Intestinal fibrosis, a common complication of inflammatory bowel diseases, becomes clinically apparent in ~Â 40% of patients with Crohnâs disease and ~Â 5% of those with ulcerative colitis. Fibrosis, a consequence of local chronic inflammation, is characterized by excessive deposition of extracellular matrix (ECM) proteins by activated myofibroblasts, which are modulated by pro-fibrotic and anti-fibrotic factors. Fibrosis depends on the balance between production and degradation of ECM proteins. Although the transforming growth factor (TGF)-Î²1/Smad pathway is the major driving force of fibrosis, several pro-fibrogenic and anti-fibrogenic endogenous factors appear to interact directly with this pathway such as reactive oxygen species (ROS) and nuclear factor-erythroid 2-related factor 2 (Nrf2), which are connected with TGF-Î²1 during fibrosis development in several organs, including the intestine. Nrf2 is a ubiquitous master transcription factor that upregulates the expression of antioxidant enzymes and cytoprotective proteins mediated by antioxidant response elements (AREs). Here, I describe and discuss the links among TGF-Î²1, ROS, and Nrf2âAREs in the pathogenesis of intestinal fibrosis.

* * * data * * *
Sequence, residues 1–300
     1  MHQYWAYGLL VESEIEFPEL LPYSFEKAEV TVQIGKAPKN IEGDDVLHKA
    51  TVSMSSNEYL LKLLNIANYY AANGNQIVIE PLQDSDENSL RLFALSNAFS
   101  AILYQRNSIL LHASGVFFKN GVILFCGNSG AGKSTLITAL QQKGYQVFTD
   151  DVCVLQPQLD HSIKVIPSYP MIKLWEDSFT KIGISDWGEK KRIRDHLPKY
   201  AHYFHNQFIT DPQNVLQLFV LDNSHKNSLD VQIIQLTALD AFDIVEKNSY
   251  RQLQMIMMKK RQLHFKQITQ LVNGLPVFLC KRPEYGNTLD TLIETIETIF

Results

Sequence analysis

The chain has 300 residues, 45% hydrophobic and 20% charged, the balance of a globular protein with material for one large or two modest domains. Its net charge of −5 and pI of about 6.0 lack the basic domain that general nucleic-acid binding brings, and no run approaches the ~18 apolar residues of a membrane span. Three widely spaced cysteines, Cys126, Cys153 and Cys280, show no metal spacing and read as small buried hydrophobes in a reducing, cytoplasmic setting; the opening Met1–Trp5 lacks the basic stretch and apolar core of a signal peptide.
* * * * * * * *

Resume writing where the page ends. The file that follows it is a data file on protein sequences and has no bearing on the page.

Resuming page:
|Titolo:||Redox Imbalance in Intestinal Fibrosis: Beware of the TGFÎ²-1, ROS, and Nrf2 Connection|
LATELLA, GIOVANNI (Corresponding)
|Data di pubblicazione:||2018|
|Appare nelle tipologie:||1.1 Articolo in rivista|